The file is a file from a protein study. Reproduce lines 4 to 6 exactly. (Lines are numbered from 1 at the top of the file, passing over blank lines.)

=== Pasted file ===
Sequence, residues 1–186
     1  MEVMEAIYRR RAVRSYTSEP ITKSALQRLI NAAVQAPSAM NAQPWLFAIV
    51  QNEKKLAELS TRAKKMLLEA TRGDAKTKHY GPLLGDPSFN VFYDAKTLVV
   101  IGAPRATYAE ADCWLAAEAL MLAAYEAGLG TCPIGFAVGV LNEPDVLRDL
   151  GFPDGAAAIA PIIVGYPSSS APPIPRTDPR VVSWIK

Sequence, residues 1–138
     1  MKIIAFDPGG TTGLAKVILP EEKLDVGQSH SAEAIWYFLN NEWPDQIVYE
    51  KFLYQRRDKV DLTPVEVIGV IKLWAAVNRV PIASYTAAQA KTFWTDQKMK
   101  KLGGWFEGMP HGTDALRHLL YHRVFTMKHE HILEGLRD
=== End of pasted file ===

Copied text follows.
   101  IGAPRATYAE ADCWLAAEAL MLAAYEAGLG TCPIGFAVGV LNEPDVLRDL
   151  GFPDGAAAIA PIIVGYPSSS APPIPRTDPR VVSWIK

Sequence, residues 1–138